The new results also open doors to completely new applications in both technology and science, explains Peter Andrekson.

    “This amplifier shows unprecedented performance. We consider this to be an important step towards practical use, not only in communication, but in areas including quantum computers, various sensor systems and in metrology when making atmospheric measurements from satellites for Earth monitoring.”

    See the full article here .

    five-ways-keep-your-child-safe-school-shootings

    Please help promote STEM in your local schools.

    Stem Education Coalition

    Chalmers University of Technology [tekniska högskola] (SE) is a Swedish university located in Gothenburg that focuses on research and education in technology, natural science, architecture, maritime and other management areas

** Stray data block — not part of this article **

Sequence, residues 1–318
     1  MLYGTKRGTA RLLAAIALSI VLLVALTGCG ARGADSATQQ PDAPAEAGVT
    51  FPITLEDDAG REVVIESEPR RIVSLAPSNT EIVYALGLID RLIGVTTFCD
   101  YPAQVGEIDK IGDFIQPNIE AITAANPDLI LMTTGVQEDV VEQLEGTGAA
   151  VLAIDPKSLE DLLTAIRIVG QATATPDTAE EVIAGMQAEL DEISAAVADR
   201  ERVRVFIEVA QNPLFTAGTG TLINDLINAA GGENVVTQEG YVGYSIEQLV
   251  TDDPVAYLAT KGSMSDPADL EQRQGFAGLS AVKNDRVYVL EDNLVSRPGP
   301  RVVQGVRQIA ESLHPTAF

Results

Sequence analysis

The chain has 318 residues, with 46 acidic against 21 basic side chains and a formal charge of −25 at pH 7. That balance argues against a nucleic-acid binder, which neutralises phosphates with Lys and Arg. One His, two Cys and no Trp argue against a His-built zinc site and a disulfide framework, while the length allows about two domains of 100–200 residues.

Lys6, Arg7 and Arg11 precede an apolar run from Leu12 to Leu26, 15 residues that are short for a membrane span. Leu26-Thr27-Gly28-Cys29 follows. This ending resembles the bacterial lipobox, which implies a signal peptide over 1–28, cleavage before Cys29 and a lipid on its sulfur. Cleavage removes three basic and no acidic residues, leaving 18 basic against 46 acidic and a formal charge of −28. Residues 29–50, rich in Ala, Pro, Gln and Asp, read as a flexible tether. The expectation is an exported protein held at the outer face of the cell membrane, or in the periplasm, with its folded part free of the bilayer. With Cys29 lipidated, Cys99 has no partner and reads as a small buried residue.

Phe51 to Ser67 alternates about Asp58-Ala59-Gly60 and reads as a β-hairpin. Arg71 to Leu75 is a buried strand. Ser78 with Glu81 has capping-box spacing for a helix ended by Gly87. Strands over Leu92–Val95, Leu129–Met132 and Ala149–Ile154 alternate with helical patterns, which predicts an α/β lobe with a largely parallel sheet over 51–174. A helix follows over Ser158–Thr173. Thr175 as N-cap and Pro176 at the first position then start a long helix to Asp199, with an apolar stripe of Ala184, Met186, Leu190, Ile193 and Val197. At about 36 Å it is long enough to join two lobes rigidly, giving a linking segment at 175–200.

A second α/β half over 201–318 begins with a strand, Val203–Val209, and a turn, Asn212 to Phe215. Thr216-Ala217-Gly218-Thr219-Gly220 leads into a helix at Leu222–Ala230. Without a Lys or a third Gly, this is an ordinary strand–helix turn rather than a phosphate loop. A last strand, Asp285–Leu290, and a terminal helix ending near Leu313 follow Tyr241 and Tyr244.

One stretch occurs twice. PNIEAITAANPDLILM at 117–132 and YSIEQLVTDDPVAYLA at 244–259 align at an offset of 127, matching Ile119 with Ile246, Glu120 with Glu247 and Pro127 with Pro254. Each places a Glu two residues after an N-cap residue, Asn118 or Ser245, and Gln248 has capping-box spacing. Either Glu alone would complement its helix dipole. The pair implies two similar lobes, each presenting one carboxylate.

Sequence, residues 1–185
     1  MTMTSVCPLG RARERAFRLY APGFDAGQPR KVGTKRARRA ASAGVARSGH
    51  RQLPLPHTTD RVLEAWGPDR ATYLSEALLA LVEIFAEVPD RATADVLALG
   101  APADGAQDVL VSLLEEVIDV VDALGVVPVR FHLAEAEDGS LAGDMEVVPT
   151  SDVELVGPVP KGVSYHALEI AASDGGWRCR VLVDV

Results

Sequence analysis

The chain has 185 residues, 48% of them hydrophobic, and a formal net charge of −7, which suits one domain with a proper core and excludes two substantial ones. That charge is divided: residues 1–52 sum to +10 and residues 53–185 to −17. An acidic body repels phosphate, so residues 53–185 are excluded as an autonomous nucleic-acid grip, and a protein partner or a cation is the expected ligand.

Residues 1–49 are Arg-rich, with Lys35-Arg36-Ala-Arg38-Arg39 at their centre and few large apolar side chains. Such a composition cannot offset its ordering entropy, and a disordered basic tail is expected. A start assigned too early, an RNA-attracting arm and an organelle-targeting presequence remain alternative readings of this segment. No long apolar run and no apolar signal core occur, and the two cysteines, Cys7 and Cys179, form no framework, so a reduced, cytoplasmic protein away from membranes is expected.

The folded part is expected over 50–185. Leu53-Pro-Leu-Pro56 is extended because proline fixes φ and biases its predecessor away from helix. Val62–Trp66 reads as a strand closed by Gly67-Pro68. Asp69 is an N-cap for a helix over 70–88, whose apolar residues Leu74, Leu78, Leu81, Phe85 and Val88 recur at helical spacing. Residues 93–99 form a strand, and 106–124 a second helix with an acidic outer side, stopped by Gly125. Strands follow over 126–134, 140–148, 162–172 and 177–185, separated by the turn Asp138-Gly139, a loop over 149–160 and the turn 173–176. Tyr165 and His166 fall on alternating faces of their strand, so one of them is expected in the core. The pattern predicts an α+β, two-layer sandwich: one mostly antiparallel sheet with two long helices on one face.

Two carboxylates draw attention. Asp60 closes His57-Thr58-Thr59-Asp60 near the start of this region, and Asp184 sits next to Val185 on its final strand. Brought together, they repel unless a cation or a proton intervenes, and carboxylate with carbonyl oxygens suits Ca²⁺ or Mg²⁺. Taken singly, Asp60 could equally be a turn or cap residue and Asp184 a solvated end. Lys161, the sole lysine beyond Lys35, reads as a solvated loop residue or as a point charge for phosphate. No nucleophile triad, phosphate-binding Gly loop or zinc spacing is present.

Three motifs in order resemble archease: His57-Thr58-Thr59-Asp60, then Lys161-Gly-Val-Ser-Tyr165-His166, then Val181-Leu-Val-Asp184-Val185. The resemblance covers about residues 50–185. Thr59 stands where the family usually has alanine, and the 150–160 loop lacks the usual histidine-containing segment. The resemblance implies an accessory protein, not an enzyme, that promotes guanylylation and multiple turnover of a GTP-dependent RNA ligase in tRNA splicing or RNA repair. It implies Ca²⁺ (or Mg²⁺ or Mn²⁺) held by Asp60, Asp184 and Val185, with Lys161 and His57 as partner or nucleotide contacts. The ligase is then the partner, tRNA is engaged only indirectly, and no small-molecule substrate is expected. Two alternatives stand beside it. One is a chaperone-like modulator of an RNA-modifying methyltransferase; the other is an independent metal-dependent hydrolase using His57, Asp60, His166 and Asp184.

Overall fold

The University was founded in 1829 following a donation by William Chalmers, a director of the Swedish East India Company. He donated part of his fortune for the establishment of an “industrial school”. Chalmers was run as a private institution until 1937, when the institute became a state-owned university. In 1994, the school was incorporated as an aktiebolag under the control of the Swedish Government, the faculty and the Student Union. Chalmers is one of only three universities in Sweden which are named after a person, the other two being Karolinska Institutet and Linnaeus University.

     
c
Compose new post
j
Next post/Next comment
k
Previous post/Previous comment
r
Reply
e
Edit
o
Show/Hide comments
t
Go to top
l
Go to login
h
Show/Hide help
shift + esc
Cancel
%d bloggers like this: